The Strange and Surprisingly Meaningful Connection Between K-pop and the HGC
Only some are born to be stars. Owning your fame takes courage, and many fail to muster it. But Team Dignitas's Joshua ‘Snitch’ Bennett and Fnatic's Simon ‘scHwimpi’ Svensson have done so—and, weirdly enough, their passion for K-pop had a big hand in that process.
We caught up with HGC Europe's resident K-pop heads Snitch and scHwimpi during Opening week at the Blizzard Arena Los Angeles, where the two players were taking a breather ahead of their evening scrims. We spoke with them about K-pop, what it means to them, and which musical group their team would be.
How did you guys get into K-pop?
Snitch: When I was in college, a friend who was really into K-pop told me to check out this video. It was BIGBANG's “Fantastic Baby.” They all had ridiculous haircuts and crazy makeup, and I was like, “This is the weirdest thing I've ever seen”—but it was also catchy as hell. I got super into that song, and from there I started getting into BIGBANG, then other K-pop groups, and so on.
scHwimpi: For me it happened during last year's BlizzCon. We were scrimming MVP Black, and one of them linked TWICE's “TT” in the lobby. I really got into that video. I watched it many times a day. Then I started exploring.
How popular is K-pop amongst HGC players?
Snitch: I'm super disappointed that none of the Korean players are really into it. So that's kinda sad. There's only a few of us in Europe—mostly me, scHwimpi, and Wubby.
scHwimpi: Cris, too.
Snitch: Oh yeah, Cris. Then over in North America we have psalm, and uh, Glaurung a little bit? But it's not a huge thing there either. Jun knows some stuff, but he's not into it.
Such a shame. Which group or artist would you choose as your favorite?
Snitch: My ultimate favorite would be Taeyeon. I have a thing for amazing singing, and she's probably the best all-around vocalist in K-pop. Her voice is incredible and I love everything she releases. But G-Dragon is also a really big thing for me. The way he expresses himself, his musical style, his very unique fashion—it sometimes looks ridiculous, but he always pulls it off.
Recently he's been doing this thing where he's being himself a lot more, showing that there's two sides to him: the G-Dragon side, the public persona that he has to have, and the Kwon-Ji-yong/himself side, the private persona. It was really interesting to me because I could relate to that, too.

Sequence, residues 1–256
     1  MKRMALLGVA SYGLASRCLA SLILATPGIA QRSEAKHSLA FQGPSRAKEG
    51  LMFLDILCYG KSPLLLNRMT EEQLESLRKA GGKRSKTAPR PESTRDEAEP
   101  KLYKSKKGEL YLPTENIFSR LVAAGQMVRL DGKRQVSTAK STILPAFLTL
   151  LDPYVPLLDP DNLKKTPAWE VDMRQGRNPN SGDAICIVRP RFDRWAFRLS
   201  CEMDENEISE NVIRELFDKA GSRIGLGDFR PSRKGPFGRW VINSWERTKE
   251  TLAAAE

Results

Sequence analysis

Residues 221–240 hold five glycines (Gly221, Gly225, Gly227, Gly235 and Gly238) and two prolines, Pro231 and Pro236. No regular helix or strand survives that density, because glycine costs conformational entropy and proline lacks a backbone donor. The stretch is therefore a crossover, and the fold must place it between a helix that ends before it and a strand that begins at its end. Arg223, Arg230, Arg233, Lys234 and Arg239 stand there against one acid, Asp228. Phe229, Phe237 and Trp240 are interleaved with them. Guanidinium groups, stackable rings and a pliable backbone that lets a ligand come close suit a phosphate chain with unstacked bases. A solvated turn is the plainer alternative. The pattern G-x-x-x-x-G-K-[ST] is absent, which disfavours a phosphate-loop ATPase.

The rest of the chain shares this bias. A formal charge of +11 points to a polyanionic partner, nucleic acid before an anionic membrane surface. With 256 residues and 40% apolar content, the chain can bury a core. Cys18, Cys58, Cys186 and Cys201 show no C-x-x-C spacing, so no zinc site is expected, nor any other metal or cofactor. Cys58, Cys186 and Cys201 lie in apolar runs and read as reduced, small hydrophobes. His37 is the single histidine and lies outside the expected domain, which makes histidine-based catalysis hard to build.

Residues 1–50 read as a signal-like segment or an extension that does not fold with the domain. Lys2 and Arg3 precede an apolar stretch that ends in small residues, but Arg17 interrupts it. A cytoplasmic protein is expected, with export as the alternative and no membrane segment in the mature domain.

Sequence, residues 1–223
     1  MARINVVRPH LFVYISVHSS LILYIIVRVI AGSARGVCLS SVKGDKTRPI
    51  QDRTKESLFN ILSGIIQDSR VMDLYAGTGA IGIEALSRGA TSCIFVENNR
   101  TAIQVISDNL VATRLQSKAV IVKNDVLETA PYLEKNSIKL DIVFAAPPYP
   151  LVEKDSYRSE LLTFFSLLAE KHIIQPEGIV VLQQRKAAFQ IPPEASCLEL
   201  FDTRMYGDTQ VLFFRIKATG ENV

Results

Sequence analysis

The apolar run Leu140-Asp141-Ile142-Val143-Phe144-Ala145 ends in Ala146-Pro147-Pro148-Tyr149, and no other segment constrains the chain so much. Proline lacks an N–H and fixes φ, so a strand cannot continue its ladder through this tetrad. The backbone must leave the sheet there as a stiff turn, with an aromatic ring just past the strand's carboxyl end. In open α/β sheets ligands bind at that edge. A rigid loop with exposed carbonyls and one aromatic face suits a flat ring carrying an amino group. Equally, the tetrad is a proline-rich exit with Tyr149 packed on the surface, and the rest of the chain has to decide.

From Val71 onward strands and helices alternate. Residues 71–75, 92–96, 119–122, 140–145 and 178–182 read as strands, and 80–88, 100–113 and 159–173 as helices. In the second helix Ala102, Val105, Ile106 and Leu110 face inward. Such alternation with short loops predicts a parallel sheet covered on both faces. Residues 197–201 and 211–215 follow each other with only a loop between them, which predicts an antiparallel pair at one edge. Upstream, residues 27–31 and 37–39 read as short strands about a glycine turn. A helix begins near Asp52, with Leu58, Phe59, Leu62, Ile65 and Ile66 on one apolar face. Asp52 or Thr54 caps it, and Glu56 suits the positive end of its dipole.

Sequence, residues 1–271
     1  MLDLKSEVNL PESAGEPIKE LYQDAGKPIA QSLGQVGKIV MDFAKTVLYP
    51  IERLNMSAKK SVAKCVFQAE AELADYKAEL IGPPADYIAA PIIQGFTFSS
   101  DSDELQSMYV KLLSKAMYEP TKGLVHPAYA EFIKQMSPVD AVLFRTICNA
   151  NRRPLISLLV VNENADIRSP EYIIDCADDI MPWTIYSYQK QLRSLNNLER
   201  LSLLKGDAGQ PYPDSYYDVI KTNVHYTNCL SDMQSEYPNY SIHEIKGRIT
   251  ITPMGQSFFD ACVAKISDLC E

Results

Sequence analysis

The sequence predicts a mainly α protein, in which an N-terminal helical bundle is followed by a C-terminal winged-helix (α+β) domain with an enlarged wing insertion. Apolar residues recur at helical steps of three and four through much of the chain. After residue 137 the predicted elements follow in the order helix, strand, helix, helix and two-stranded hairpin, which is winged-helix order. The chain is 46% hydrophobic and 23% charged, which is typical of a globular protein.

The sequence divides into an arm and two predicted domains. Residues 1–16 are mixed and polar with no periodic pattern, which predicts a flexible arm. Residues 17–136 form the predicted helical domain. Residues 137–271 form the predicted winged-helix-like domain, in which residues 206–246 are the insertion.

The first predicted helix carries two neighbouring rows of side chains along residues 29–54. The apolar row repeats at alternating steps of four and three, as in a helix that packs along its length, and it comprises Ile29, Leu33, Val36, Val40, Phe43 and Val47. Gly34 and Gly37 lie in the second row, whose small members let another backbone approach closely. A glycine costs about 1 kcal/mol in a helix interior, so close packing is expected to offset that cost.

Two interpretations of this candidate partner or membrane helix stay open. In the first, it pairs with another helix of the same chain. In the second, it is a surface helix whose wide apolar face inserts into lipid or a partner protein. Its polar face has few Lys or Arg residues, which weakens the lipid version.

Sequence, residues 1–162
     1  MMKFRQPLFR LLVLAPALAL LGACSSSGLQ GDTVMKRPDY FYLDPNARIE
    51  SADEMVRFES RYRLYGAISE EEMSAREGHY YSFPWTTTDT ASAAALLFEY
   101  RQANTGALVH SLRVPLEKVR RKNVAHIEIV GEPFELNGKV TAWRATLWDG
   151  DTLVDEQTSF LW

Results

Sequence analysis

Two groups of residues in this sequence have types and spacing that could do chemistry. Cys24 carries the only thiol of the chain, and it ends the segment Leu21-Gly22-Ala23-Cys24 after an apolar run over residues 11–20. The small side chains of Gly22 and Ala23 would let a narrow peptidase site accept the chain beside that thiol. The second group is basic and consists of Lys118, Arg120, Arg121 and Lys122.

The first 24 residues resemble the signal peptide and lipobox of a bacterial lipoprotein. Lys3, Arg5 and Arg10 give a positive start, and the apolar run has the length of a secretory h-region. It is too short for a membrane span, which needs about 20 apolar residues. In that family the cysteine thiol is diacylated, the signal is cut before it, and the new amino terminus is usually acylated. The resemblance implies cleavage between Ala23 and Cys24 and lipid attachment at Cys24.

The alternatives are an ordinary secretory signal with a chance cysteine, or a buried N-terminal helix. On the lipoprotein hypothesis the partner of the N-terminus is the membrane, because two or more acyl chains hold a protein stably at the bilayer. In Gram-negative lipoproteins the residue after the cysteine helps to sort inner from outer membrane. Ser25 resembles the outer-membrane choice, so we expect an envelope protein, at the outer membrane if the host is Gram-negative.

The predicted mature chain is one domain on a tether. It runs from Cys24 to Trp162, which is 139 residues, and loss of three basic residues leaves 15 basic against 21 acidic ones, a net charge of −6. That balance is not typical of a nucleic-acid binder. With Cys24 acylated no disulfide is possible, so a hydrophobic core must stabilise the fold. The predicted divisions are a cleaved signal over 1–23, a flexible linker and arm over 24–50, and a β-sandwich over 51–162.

scHwimpi: Why are you try-harding? I can't live up to these answers.
Snitch: Well, I'm kinda into this interview.
scHwimpi: Anyway, for me, it's hard to choose because I usually have a new favorite every week. The longest favorite was IU, I think. I really like her because I like calm and sweet songs. But right now, it's probably Bolbbalgan4.
You guys are performers, too, in a way; you definitely are idols to your fans. Has your interest in K-pop influenced how you think about your job and life?
Snitch: In a weird way, yes. It has given me a lot more confidence to be expressive. When I see the way [K-pop stars] act and define themselves, I'm inspired—I think it's really cool, and I wish I could be like that. That's actually why I dyed my hair blue-green last year. It was very K-pop–influenced.
And to go back to the recent G-Dragon release, the theme really connected with me because my private and public personas are not necessarily the same. I always think about which one I want people to know. Do I want them to know me? Or do I want them to know this ‘Snitch’ that I've created? For now I'm content with how it is. But maybe one day I'll be sad that my real name isn't out there, that it's ‘Snitch’ who's popular, not Joshua Bennett.
scHwimpi: It's like having two different people to be. For me, the fact that I can be ‘scHwimpi’ makes me more comfortable. I'm probably seen by many fans as a cocky . . .
Snitch: But he's not like that at all, actually. He's very shy.
scHwimpi: If I had to be myself, I don't think I could handle it as well. So, putting on a show on stage actually helps. For me it really helps. [For instance], I would have never worn the pink D.Va jacket on stage at Opening Week if I hadn't listened to K-pop. In K-pop they have really ugly clothes, right? But they pull it off so well.
What I took away from that was, if I try to express myself more and try to stand out, some people will like me, even if I'm different. My friends, they all hate K-pop. They think I'm a weirdo. But I really like it. So just like that, maybe some people will like me, too.
In honor of Fnatic already having been the Backstreet Boys, if your team were to be a K-pop group, which one would you be?
Snitch: This is a tough question. My ultimate secret craving is to do a K-pop cover along the lines of what Fnatic did. I'm totally down for that—full choreo and everything. I'm actually a big SHINee fan, so their songs would be really fun to cover, even if it would be very taxing choreo. But my team would never agree to that. They probably wouldn't even care. They're all too lazy.
scHwimpi: The only boy band I know is BTS. But I don't even know all their names.
I imagine some people might want to give K-pop a try after reading this interview. Would you like to recommend a track to all the potential fans out there?
Snitch: “Crooked,” by G-Dragon. It's actually a very sad song—the lyrics are about how detached he feels—but the tune is very happy. There's a layer of depth there.
scHwimpi: I would pick “23,” by IU. What she's saying is that she doesn't really know where she wants to go in her life, who she wants to be. She's questioning what she really wants. And I think that at our age, those questions are very normal and relatable.